Part 2 of 4Bodhinatha talks on vratas, or vows. There are two kinds of vratas, vows that are taken for specific periods of time, such as festivals, and permanent vows. He gives examples of various types and elaborates on the first of the three vratas taken by Saiva Siddhanta Church members and aspiring members-to-be, the vegetarian vow, which has the power to harness the instinctive mind when fulfilled.
As we know, a vrata is making a promise to observe certain religious practices in a strict manner. Often vratas relate to a specific festival, someone will take a vrata for the six days of Skanda Shasti, that is common. For all six days, they will fast during the day and go to the temple for Skanda puja and then at night they will have their meal. Then, on the seventh day, it is done.
Likewise, we have Vinayaga Vratram that even has the name 'vrata' right in the festival name. It gives us a clue what it is for. It is for vratas. It is a twenty-one day Ganesha vrata that some Ganesha devotees take every year, in fact and do the same thing. Fast everyday, go to puja and then eat only at night.
In the July issue of 'Hinduism Today', we had another kind of vrata related to the Sabarimala Ayyappan pilgrimage. That vrata includes preparation. In other words, it does not start on the first day of a festival. It includes forty-one days of preparation for a pilgrimage. We have taken this vrata to include not only the pilgrimage but the forty-one days of preparation that precede it. So, it takes some forty-plus days or forty plus a few to make a pilgrimage, is the duration of the vrata.
All of these vratas that we have talked about, these three examples, have one thing in common. They end. Skanda Shasti Vrata - on the seventh day, eat breakfast and lunch, stay home. Vinayaga Vratam is over after twenty-one days. Sabarimala is over when the pilgrimage is done. We have taken a vrata for a specific period of time. It has a beginning and an end.
However as we all know, there is another type of vrata that Gurudeva has given us and that is a permanent vrata. A vrata that we take for the balance of our life. Of course, that is a more serious commitment. It does not end after six days or twenty-one days. It is permanent. Usually, someone will practice the disciplines of the vrata for a few months or a few years before they take it, that is the best way. In that way, they are assured a much better chance of successfully fulfilling it because they have been fulfilling it already. We don't want to take a permanent vrata which we have never done. There is a good chance you may not be able to uphold it and that creates a negative impression in the subconscious. You want to practice for a while, a couple of months, a couple of years before you take the vrata. Then when you take it, you have a solid habit of already doing it.
As we know, there are three vratas that are of this nature and the first is the Sakahara Vrata, governing diet. The second is Parampara Vrata, which governs the study of spiritual teachings. The third is Dasama Bhaga vrata which governs our finance.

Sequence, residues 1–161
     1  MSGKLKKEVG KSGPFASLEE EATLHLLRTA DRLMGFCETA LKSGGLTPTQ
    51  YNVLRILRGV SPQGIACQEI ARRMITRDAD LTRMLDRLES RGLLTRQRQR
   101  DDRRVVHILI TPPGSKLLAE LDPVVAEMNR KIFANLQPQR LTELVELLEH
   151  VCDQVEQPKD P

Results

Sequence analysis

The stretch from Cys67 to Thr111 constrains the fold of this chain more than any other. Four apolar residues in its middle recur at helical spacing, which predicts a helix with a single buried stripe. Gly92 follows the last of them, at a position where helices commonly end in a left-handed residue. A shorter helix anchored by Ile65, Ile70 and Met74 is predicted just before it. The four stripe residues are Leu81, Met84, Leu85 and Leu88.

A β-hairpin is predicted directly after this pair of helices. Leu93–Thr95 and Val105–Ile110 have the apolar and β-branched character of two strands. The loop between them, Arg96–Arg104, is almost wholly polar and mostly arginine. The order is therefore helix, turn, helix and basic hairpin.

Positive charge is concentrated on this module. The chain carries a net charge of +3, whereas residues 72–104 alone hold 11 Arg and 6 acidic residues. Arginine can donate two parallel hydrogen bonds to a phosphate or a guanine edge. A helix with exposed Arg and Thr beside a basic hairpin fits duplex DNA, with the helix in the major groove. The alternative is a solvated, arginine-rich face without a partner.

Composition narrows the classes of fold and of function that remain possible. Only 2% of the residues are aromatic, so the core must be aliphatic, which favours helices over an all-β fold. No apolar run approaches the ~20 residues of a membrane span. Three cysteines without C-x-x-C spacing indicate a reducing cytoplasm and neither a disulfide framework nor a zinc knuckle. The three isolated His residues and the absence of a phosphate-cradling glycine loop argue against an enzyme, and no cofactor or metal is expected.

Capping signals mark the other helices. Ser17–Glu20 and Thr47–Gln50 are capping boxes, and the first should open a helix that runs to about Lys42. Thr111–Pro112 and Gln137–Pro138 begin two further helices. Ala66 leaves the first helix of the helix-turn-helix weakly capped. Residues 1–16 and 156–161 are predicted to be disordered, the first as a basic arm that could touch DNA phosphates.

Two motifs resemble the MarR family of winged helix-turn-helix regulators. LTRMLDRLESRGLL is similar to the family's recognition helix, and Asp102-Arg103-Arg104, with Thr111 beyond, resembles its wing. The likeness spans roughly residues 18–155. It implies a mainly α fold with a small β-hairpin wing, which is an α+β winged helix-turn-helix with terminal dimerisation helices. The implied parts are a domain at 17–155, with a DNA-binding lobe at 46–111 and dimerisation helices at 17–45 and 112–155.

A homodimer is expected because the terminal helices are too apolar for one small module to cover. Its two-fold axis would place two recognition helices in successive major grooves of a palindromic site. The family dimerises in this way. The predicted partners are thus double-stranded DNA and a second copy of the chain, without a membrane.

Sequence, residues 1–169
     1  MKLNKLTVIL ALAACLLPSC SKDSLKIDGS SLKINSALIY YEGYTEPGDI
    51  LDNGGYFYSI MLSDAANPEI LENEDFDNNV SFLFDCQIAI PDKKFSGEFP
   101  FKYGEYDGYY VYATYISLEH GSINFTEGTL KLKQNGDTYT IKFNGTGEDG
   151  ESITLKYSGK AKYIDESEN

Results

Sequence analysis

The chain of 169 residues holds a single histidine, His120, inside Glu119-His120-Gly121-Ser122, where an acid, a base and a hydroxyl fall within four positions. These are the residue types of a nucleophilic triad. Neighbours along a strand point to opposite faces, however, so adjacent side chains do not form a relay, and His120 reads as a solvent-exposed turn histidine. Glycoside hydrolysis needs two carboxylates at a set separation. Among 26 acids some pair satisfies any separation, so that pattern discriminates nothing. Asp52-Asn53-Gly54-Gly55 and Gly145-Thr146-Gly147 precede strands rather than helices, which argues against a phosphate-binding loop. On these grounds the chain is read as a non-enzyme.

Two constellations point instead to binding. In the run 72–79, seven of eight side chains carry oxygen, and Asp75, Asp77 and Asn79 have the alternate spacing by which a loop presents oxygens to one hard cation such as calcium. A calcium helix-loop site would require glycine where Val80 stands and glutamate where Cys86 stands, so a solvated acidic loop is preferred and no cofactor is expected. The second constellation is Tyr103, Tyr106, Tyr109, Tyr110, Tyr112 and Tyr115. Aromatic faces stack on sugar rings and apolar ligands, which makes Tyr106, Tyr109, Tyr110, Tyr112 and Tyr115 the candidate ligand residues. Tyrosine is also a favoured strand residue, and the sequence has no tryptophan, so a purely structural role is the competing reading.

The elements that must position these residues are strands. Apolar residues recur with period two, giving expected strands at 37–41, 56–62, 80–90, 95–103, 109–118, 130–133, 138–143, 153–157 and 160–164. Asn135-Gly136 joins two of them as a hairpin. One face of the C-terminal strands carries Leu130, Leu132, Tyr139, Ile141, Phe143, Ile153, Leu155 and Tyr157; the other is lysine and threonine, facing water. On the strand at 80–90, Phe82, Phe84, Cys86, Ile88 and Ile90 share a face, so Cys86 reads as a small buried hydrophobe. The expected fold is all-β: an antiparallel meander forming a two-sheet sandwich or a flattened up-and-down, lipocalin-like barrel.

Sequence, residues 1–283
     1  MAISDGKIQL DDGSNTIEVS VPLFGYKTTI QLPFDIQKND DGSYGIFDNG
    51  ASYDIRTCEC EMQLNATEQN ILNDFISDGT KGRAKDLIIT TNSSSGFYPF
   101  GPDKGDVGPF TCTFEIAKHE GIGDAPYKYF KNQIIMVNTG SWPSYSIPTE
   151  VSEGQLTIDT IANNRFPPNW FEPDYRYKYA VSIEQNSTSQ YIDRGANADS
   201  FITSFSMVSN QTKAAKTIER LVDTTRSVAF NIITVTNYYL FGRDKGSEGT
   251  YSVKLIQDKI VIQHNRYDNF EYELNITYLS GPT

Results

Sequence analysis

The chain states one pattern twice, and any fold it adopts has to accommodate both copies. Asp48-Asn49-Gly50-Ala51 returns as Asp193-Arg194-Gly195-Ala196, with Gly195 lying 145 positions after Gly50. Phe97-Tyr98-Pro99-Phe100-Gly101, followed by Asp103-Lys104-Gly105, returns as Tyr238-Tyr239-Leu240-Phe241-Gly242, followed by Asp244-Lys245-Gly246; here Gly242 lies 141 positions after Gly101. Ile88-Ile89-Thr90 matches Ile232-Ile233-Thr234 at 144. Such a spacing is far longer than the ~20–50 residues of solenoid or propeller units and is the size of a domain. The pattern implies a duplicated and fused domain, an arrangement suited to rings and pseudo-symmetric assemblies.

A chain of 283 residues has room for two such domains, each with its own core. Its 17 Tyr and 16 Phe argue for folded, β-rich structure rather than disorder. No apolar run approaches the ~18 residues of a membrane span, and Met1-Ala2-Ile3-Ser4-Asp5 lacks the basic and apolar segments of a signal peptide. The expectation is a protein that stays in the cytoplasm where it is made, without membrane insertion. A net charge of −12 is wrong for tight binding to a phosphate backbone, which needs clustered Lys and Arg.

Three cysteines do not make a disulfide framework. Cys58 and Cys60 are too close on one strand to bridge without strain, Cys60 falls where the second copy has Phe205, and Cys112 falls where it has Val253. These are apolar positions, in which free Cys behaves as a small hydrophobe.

There is more to each of these vratas than may initially strike us and that is some of the depth that Gurudeva explores in the Saiva Dharma Shastras which we will touch on next.
Gurudeva makes a statement that, "The vegetarian vow builds character through the control of appetite, which is control of the instinctive mind."
That is an interesting statement, that control of appetite is control of the instinctive mind. What does that mean? Well, it means as we get better in controlling our appetite meaning eating the right amount, not eating between meals, eating the right food and so forth, as we get better at disciplining ourselves, control of our appetite, control of the other emotions, instinctive emotions such as anger and jealously also improves, goes along with it. That is what Gurudeva is saying. So, if we focus on appetite, we will actually improve control of the other instincts as well.
It is an excellent way of getting better control of the instinctive mind because it is so tangible. You know controlling anger or jealousy, asking, "Was I jealous today? Did I control my jealousy today?", it is a little bit vague. Right? How do we see jealousy? How do we remember what we did? But, we know what we ate. "Okay, I ate five times today. That is two too many. I ate the wrong thing or I ate too much." It is more objective, right? We can see it, we can remember it in a much easier way. Therefore, it is an easier discipline to manage, to control our appetite, rather than say, controlling our jealousy.
Sakahara Vrata, of course, starts with avoiding the non-vegetarian foods, we all know that. Avoid meat, fish, fowl and eggs. It also includes eating healthy foods, a balanced diet, avoiding junk food, avoiding frozen foods, foods with too many chemicals, good quality foods. It also includes mitahara, moderate appetite, not eating too much. It also includes not eating between meals.
Not eating between meals is an interesting discipline, sometimes not fully cognized as to the importance of it. But there is a chapter in the Tirukural, written two thousand years ago or something, called 'Marundu', medicine. About the first seven verses talk about what we eat, keep stressing that the health is very dependent upon our eating habits. One of the verses points out this issue of not eating between meals. "Once digestion is complete, eat with moderation. That is the way to prolong the life of the body." There are about two or three other verses saying the same thing, in slightly different ways. Don't eat between meals, let the food you have eaten fully digest before you eat again. This is the way you stay healthy. It is also the way we control the instinctive mind and fulfill the vow of Sakahara.